Cologne permits broadcast of muezzin’s call for Friday prayers

The central DITIB mosque is pictured on the "Day of Open Mosques" in Cologne in 2017.
The central DITIB mosque is pictured on the "Day of Open Mosques" in Cologne in 2017. Copyright AP Photo/Martin Meissner, file
Copyright AP Photo/Martin Meissner, file
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The calls can be broadcast outside mosques for five minutes every week for the Friday prayer around noon.


The German city of Cologne will begin permitting mosques to broadcast calls for Friday prayers.

The muezzin can be announced for five minutes every week around noon outside the Muslim houses of prayer, city spokeswoman Katja Reuter said.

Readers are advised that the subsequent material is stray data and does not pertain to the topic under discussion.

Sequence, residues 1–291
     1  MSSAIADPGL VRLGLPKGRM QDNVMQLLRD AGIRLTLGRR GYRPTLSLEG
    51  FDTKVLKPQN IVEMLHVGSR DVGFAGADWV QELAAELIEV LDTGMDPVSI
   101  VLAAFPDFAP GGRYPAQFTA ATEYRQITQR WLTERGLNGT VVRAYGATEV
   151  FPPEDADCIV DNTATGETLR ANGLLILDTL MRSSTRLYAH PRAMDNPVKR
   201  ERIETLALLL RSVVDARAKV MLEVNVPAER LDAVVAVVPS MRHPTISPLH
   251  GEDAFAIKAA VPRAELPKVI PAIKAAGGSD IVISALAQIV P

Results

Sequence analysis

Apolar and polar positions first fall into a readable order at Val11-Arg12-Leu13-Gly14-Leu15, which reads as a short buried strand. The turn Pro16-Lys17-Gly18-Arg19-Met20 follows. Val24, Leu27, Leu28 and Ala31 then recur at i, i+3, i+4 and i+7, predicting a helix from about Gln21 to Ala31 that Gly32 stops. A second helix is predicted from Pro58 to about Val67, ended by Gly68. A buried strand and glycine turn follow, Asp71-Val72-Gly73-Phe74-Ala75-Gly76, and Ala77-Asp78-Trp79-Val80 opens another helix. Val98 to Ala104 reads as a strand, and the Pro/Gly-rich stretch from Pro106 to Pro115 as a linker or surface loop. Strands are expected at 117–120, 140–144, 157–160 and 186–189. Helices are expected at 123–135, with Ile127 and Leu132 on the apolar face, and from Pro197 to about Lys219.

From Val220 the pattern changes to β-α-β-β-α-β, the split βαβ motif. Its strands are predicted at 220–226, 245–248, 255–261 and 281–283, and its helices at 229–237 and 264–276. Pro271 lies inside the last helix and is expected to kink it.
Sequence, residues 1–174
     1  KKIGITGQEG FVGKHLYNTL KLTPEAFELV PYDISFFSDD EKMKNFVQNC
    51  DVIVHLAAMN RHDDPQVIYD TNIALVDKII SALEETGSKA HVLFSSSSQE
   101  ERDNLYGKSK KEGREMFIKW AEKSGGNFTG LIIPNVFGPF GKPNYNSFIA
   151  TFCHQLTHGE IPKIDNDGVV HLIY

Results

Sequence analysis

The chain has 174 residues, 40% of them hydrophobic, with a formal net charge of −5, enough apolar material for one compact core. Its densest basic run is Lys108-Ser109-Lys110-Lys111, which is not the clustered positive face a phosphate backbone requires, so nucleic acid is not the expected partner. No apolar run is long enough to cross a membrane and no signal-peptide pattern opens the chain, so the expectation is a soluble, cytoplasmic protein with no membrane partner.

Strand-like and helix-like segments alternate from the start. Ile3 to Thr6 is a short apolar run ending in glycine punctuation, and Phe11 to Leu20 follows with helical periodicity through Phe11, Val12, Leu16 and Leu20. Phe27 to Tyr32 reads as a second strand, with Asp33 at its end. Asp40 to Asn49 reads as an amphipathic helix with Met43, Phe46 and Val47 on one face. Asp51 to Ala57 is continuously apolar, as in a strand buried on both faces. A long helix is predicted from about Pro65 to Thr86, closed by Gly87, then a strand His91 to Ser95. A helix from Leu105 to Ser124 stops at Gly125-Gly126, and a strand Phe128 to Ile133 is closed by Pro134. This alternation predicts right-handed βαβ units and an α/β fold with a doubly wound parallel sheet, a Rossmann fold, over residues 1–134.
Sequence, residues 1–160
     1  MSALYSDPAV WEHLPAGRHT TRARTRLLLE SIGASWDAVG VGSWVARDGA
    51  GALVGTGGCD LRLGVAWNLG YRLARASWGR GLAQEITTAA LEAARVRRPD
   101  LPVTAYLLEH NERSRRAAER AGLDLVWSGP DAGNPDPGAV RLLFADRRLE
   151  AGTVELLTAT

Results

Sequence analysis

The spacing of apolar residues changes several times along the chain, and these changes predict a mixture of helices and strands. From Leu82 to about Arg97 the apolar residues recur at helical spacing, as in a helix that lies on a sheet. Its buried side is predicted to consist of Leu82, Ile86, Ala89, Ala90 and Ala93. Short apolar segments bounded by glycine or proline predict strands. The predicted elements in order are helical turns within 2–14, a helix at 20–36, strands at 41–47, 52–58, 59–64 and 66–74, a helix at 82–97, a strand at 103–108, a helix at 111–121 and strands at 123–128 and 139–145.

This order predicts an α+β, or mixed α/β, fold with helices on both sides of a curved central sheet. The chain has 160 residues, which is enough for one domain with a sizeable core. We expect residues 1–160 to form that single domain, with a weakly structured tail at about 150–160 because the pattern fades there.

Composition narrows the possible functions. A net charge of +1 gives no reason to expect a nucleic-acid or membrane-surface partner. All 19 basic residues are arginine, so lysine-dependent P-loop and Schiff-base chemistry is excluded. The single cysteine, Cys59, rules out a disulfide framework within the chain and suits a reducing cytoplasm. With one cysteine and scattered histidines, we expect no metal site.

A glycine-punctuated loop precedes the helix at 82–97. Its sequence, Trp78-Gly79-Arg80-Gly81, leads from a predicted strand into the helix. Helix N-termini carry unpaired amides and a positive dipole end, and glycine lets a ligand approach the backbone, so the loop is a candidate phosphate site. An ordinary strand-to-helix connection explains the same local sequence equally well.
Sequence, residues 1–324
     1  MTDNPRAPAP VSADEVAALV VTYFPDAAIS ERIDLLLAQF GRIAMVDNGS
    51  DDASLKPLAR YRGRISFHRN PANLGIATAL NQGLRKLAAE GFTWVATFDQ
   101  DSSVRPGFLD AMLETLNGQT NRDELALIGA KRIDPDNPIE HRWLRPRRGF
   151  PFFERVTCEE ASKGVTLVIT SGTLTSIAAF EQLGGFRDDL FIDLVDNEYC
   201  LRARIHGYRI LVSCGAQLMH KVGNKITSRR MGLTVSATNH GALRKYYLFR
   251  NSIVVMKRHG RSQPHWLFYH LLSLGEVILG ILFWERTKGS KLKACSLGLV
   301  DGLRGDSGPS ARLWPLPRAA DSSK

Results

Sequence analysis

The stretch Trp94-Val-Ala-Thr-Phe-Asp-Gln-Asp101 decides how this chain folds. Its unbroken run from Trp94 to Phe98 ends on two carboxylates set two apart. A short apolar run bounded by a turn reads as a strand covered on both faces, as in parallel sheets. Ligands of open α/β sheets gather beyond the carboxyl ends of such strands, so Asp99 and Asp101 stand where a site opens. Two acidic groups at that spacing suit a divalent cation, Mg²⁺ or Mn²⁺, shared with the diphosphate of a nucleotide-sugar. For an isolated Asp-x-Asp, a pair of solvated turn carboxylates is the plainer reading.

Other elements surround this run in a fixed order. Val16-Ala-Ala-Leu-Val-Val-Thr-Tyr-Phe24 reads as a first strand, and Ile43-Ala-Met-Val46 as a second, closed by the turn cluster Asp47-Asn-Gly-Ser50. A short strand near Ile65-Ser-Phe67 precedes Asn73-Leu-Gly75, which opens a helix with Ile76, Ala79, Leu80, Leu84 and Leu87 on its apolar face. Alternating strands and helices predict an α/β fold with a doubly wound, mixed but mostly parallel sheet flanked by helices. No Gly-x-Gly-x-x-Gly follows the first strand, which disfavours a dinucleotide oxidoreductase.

Cologne mosques need to apply for a special permit in order to be able to broadcast the call, Reuter added. The initiative will run for two years and before being re-evaluated.

Cologne mayor Henriette Reker has welcomed the decision and has stated that permitting the call of the muezzin is "a sign of respect".

"If in addition to the sounds of the church bells we also hear the call of the muezzin, it shows that in Cologne diversity is valued and lived," Reker added.

Cologne has one of Germany’s biggest Muslim communities and is home to an estimated 35 mosques. Most Muslims in the region initially came from Turkey as guest workers sixty years ago and then later brought their families.

Only a few other Muslim houses of prayer across Germany, like in the western towns of Oer-Erkenschwick and Düren, have been broadcasting the muezzin’s call for years, sometimes despite the protests of Christian neighbours.

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